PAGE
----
The 130th Maine legislature made real progress on health care affordability for Mainers. Maine Center for Economic Policy supported several bills which increased eligibility for children and pregnant women, expanded dental coverage, made it cheaper and easier to get insurance on the individual market, improved prescription affordability, and set the stage for further progress in the next legislature.
Expansion of public coverage for children with low income
One of the most consequential changes is expanded eligibility and reduced costs for Maine’s CubCare program, which offers health care coverage to children with low income.1 Beginning in August, eligibility for the program will be increased from 208 percent of the federal poverty level to 308 percent. For example, the eligibility for a child living with one parent would increase from a household income of $38,085 per year to $56,395.
Additionally, the age eligibility will be raised so that 19- and 20-year-olds who meet the income threshold can participate. Finally, the legislation eliminates the monthly premiums program participants were required to pay and which research has shown deter people from enrolling without significantly impacting program costs.
As many as 40,000 children may be newly-eligible for the CubCare program under these changes, although actual new enrollment is estimated to be much smaller — around 6,000 children in the new eligibility groups are currently uninsured completely. The elimination of premiums will benefit another 5,000 children currently enrolled in the program.2
The timing of the implementation of these changes depends on rulemaking from Maine’s Department of Health and Human Services and, for premium elimination, approval from the federal government. They should take effect later this year.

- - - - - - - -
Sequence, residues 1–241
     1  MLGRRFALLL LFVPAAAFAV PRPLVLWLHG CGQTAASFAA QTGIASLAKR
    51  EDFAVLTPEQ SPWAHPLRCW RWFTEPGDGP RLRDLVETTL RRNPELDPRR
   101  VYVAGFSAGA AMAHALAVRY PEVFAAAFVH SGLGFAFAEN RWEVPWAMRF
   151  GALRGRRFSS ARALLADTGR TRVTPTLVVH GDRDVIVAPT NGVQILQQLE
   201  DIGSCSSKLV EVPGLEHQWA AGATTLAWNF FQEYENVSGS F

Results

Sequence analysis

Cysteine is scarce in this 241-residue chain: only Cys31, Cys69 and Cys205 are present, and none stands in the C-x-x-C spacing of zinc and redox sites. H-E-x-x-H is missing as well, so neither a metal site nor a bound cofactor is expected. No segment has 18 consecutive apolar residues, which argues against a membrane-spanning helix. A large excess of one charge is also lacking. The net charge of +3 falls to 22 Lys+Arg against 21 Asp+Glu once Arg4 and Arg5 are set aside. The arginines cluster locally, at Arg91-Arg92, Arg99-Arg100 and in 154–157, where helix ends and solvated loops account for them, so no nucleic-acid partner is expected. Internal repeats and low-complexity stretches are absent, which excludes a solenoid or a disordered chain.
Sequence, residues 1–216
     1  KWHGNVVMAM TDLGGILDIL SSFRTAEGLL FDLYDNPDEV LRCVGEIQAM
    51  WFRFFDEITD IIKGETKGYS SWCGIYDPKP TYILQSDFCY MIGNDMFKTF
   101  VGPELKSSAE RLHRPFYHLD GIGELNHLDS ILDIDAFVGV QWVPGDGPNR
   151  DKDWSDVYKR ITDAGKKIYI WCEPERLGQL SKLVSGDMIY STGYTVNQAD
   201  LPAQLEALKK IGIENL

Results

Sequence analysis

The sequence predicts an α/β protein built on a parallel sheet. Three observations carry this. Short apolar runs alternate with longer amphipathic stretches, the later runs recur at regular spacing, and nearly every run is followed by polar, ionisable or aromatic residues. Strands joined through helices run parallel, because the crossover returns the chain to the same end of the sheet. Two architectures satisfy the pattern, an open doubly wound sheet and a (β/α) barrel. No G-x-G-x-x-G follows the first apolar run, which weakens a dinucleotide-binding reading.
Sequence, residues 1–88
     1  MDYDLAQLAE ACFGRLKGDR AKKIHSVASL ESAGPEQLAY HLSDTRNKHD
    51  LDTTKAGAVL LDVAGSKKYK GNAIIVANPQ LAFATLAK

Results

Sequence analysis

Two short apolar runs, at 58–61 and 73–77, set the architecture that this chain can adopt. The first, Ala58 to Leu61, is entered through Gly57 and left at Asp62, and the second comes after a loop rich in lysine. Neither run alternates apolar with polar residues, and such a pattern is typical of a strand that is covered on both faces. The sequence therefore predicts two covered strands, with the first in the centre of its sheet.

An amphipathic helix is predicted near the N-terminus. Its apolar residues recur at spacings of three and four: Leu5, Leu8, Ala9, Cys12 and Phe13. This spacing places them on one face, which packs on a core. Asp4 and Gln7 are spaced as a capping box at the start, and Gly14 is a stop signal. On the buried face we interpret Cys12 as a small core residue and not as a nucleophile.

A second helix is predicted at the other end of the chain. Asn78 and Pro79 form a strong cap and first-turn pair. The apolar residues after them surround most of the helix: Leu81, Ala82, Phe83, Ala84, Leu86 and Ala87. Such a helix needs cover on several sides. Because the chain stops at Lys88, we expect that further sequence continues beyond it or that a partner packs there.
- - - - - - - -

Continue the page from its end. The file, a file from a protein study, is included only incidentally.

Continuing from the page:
Dental coverage for 190,000 adults in the MaineCare program
Beginning later this year, adults enrolled in the MaineCare program will for the first time have access to comprehensive dental services (children’s dental services are already covered). This initiative was introduced in several bills in 2021 and ultimately included in the 2021 supplemental budget. Lack of adequate dental care is a severe health problem for many Mainers with low income. More than a third of Mainers with household incomes below $20,000 a year haven’t seen a dentist in at least five years. And this lack of preventative care has a real cost — Mainers in this income bracket are twice as likely to have had a tooth extracted as Mainers with middle income Mainers with household incomes over $75,000.3
Approximately 190,000 adults 21 or older currently enrolled in MaineCare should be eligible for the new benefit.4
The new coverage is scheduled to take effect by July 1, 2022.
Extended postpartum care in MaineCare
The MaineCare program was further improved by the extension of postpartum benefits from the previous 60 days to 12 months. Research increasingly finds that new mothers face physical and mental health challenges in the year after giving birth. Lack of health care coverage is one reason the United States has such a high rate of maternal mortality. Extending Medicaid coverage for a full year will provide new mothers more security in the months following a birth and help address these problems. LD 265 increases the length of postpartum coverage in stages: